One large shorebird with striking plumage that I look forward to seeing during the spring migration is the American avocet (Recurvirostra americana). Although it summers in the western interior, not too far from where we live, the avocet is only here for a short time in April before moving on. Winters are spent along the West, Atlantic and Gulf coasts.
What a beautiful bird!! The avocet, with its long blue-gray legs, has a black and white back, white underparts and, during the breeding season, a rusty-brown head and neck. The neck becomes a greyish color during the eclipse or non-breeding season. There is white at the base of the bill and a white eye-ring. Although the male and female look similar, the long, black, upturned bill is longer and straighter in the male. I love to watch the avocets as they strut about in the shallow water.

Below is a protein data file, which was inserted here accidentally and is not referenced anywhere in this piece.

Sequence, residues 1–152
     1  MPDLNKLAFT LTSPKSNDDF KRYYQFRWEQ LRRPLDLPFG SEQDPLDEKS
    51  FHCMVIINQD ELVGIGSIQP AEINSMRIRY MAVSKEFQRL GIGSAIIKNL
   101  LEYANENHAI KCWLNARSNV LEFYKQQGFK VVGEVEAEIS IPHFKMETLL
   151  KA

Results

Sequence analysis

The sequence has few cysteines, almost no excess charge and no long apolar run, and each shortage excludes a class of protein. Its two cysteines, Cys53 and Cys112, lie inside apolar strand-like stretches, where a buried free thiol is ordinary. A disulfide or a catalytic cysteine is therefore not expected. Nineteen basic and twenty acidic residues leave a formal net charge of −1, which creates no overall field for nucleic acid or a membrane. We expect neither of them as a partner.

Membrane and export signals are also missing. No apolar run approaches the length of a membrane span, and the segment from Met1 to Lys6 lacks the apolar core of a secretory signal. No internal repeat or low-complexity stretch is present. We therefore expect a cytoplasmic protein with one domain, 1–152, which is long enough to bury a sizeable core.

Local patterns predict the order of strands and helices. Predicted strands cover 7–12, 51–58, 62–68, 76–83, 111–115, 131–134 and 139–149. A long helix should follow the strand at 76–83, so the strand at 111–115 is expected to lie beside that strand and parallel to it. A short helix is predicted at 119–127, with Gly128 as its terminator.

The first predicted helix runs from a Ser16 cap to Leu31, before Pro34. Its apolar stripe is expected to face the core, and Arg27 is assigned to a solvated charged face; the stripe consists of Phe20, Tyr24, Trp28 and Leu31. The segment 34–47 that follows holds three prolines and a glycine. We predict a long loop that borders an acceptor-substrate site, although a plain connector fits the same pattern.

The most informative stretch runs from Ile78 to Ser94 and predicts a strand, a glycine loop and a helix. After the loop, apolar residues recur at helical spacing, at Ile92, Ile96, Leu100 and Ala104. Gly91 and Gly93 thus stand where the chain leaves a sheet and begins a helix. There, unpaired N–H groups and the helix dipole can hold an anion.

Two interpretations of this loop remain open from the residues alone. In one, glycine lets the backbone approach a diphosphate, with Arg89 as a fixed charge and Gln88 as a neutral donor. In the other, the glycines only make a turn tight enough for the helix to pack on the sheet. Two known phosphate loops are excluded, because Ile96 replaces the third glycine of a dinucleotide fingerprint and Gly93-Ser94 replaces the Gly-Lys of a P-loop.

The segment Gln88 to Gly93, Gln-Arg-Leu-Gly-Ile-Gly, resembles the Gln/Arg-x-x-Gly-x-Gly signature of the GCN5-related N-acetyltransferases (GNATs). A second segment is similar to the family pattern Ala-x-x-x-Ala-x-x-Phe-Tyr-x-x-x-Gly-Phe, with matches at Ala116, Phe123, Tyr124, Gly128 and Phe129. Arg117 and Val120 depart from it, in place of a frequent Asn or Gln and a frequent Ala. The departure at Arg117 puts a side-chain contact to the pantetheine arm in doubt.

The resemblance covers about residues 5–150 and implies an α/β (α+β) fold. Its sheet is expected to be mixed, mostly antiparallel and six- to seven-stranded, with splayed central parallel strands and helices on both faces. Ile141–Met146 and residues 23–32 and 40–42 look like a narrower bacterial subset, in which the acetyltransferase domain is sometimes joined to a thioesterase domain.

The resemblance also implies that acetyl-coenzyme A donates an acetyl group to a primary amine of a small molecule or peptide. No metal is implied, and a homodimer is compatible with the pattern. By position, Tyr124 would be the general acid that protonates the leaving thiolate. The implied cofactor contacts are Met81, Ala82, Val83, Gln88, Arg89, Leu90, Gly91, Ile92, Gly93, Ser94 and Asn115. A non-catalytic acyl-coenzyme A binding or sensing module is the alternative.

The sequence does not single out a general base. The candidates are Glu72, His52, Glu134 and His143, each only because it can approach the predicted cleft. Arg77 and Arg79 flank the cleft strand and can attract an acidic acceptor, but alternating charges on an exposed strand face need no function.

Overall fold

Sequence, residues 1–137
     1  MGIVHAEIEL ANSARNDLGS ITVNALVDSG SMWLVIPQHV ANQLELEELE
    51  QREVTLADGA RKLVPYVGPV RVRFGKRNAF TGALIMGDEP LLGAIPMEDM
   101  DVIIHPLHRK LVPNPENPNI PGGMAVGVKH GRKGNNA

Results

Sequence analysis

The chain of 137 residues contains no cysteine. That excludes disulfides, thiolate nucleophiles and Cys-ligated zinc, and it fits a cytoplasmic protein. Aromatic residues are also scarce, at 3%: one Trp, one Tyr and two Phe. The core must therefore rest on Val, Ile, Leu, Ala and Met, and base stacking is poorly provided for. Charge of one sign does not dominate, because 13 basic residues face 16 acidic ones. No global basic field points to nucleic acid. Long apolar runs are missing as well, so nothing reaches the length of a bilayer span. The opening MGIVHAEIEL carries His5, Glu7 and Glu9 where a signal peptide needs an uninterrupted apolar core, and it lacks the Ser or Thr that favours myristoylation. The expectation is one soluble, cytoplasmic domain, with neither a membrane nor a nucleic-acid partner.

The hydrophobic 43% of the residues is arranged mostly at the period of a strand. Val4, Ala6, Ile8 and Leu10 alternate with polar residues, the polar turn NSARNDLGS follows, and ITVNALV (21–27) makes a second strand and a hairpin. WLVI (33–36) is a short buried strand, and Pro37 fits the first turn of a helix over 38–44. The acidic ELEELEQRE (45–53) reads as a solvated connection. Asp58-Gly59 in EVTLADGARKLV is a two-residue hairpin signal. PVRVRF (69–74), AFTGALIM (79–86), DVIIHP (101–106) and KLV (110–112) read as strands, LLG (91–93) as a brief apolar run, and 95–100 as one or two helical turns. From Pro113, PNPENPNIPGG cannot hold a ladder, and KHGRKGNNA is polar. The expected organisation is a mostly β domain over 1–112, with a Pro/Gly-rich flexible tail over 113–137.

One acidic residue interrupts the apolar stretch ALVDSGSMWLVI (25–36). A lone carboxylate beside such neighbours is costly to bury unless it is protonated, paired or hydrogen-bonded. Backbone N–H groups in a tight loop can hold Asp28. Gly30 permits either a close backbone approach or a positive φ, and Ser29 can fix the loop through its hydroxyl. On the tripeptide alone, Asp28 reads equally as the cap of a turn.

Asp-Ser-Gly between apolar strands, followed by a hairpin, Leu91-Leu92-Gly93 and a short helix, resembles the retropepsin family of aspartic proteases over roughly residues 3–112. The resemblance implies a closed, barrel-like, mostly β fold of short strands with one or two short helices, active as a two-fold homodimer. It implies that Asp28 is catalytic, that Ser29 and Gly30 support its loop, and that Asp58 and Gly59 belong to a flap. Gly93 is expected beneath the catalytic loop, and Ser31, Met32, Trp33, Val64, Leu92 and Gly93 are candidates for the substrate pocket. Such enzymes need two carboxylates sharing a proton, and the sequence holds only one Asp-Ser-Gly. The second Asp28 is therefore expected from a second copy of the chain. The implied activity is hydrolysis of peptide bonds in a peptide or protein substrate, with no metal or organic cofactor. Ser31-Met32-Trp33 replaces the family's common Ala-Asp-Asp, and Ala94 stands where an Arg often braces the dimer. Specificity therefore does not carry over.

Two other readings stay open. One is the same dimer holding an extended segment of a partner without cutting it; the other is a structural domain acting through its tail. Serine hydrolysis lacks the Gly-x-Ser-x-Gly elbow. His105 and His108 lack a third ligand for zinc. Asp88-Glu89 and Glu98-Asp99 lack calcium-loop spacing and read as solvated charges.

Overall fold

A resident of shallow fresh and saltwater wetlands, the avocet catches aquatic invertebrates by sight and by sweeping its bill through the water, catching prey by touch. In addition to insects and crustaceans, the avocet also eats aquatic plants.
The nest of an American avocet is simply a little depression in the soft sand or mud lined with grasses. They also build nests on natural platforms of mud or grass. Interestingly, if the water level rises avocets raise the eggs a foot or more by putting sticks and weeds underneath the eggs to keep them dry. The parents are very aggressive about defending their nests and will attack predators. The chicks leave the nest within 24 hours possessing the ability to walk and swim.
These avocets were photographed at Ash Creek Wildlife Area (Modoc County CA). Although it is not a good picture I included the flying avocets to show the difference between male a female bills. This is a pair that I watched. The female is on the left and it is easy to see how her bill is more upturned than the male’s.
Would I appreciate these elegant birds less if they were constant companions rather than brief spring visitors?